Bank of Canada Preview

December 8, 2008

The Bank of Canada will not cut its 2.25% interest rate by less than 50 basis points, and I believe monetary officials are more likely to cut rates by more than 50 basis points than by only that amount.

Relative to what the Fed has done in reducing target interest rates, the Bank of Canada fell behind the curve. It makes sense for the Fed to have cut rates more deeply than the Bank of Canada but not as much so as we’ve seen. In mid-2007, the Fed funds rate of 5.25% was 100 basis points above the Bank of Canada’s 4.25% target rate for ovenight money, and high commodity prices favored Canada over the United States. From the start, the slowdown in GDP growth was more impressive in Canada (+2.3% saar in 3Q07 followed by -0.6% in 1Q08 and +0.6% in 2Q08) than the United States, but Canada’s labor market exhibited greater resilience than its U.S. counterpart. While the Fed implemented 100 basis points of cuts in the second half of 2007, the Canadian target was raised 25 bps in July and reduced that same amount in December for a net change of zero. The Bank of Canada eased 25 basis points in January 2008, while the Fed cut by 125 basis points, raising its net incremental easing relative to the Bank of Canada to 200 basis points. The two central banks each eased by a total of 100 basis points in March-April and then did nothing further through the end of the third quarter of this year. In October, the Fed eased by another 100 basis points, whereas the Bank of Canada, also acting in two steps that month, eased by 75 basis points. Neither central bank has cut rates since October, so in all the Fed has cut rates by 425 basis points, 225 bps more than the Bank of Canada has done.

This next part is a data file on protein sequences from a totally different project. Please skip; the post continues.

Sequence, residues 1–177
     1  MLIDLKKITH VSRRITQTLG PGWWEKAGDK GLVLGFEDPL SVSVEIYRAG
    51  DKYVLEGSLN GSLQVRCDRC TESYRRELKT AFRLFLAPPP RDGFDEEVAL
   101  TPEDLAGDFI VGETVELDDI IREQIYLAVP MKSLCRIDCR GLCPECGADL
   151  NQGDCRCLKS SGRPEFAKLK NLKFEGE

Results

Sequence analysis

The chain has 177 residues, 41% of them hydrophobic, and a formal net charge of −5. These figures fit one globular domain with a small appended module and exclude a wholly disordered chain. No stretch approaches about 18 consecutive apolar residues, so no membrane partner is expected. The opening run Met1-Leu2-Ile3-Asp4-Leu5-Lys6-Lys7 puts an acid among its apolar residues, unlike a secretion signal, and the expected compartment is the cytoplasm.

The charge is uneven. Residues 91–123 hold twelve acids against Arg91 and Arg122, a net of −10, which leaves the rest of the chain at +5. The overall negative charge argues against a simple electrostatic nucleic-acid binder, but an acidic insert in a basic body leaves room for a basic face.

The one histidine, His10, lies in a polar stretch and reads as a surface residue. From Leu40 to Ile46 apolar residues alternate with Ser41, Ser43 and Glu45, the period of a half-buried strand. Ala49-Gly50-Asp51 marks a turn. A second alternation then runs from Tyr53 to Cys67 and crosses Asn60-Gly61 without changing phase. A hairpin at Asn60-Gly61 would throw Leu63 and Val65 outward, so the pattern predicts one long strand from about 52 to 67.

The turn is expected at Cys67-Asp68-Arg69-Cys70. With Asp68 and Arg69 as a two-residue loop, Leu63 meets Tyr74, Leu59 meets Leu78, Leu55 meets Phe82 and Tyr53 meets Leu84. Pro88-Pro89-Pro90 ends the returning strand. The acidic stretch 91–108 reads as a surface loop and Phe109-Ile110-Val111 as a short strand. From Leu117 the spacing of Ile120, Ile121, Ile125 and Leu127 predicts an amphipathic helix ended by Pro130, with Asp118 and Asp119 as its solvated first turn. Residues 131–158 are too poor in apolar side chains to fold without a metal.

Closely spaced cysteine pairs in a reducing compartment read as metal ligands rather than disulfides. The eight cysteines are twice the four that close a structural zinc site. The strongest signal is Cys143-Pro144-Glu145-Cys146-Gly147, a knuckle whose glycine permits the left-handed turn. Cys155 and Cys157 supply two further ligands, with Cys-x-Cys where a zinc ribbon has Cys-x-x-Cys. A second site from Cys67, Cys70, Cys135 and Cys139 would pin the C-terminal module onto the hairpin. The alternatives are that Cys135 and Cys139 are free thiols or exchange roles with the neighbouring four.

Canada’s labor market deteriorated sharply in November, when 70,600 jobs were lost, the worst monthly drop since mid-1982 and comparable in percentage terms to a decline in U.S. nonfarm payrolls of 561K, bigger than the U.S. drop last month of 533K. This slump seems genuine. The labor component of Canada’s IVEY-PMI had a sub-50 reading in November for a third consecutive month and an overall score last month of 40.2 compared to 58.7 in November 2007, 52.8 in November 2006, 65.8 in November 2005 and 58.7 in November 2004 for this key, albeit non-seasonally adjusted, snapshot of conditions and expectations in Canadian manufacturing and services. In October, Canadian building permits sank 15.7%, and personal bankruptcies rose by 7.5%, and an 18% drop in housing starts, the greatest monthly decrease in seven years, was reported earlier today. Real GDP in the fourth quarter of this year will do much worse than the dip of 0.4% that Bank of Canada officials assumed in the October semi-annual Monetary Policy Report. Commodity prices, which were a source of relative insulation to Canada vis-a-vis the United States until mid-2008, have now swung around 180 degrees to become a source of relative weakness.

There is very bad news on the political front. Prime Minister Harper suspended parliament until January 26th in order to avoid a possible vote of no confidence against his minority government today. Beyond the negative effect on consumer and business confidence of this constitutional crisis, the action puts fiscal policy on the sidelines as other governments are scrambling to deficit-spend more heavily. If I were a policymaker at the Bank of Canada, I would recommend a rate cut of a full percentage point. In terms of consequences of making a mistake, the risk of a 100-bp cut being too great and perhaps inflationary seems less significant than the risk of doing too little at this juncture.



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